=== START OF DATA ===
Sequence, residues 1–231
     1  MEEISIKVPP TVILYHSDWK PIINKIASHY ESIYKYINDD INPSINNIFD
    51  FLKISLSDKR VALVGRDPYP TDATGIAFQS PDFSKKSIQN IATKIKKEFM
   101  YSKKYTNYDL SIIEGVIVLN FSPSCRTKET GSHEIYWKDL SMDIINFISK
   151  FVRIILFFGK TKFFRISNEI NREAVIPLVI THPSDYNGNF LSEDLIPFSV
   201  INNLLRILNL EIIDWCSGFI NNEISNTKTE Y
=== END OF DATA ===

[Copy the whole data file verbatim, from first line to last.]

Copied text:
Sequence, residues 1–231
     1  MEEISIKVPP TVILYHSDWK PIINKIASHY ESIYKYINDD INPSINNIFD
    51  FLKISLSDKR VALVGRDPYP TDATGIAFQS PDFSKKSIQN IATKIKKEFM
   101  YSKKYTNYDL SIIEGVIVLN FSPSCRTKET GSHEIYWKDL SMDIINFISK
   151  FVRIILFFGK TKFFRISNEI NREAVIPLVI THPSDYNGNF LSEDLIPFSV
   201  INNLLRILNL EIIDWCSGFI NNEISNTKTE Y